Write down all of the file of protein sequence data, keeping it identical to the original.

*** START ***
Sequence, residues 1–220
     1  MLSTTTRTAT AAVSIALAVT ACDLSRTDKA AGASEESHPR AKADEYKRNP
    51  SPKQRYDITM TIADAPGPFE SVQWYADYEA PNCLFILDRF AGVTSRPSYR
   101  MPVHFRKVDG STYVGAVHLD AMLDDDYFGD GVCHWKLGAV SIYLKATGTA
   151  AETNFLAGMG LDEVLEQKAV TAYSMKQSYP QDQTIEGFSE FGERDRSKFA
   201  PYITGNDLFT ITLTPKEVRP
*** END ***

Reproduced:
Sequence, residues 1–220
     1  MLSTTTRTAT AAVSIALAVT ACDLSRTDKA AGASEESHPR AKADEYKRNP
    51  SPKQRYDITM TIADAPGPFE SVQWYADYEA PNCLFILDRF AGVTSRPSYR
   101  MPVHFRKVDG STYVGAVHLD AMLDDDYFGD GVCHWKLGAV SIYLKATGTA
   151  AETNFLAGMG LDEVLEQKAV TAYSMKQSYP QDQTIEGFSE FGERDRSKFA
   201  PYITGNDLFT ITLTPKEVRP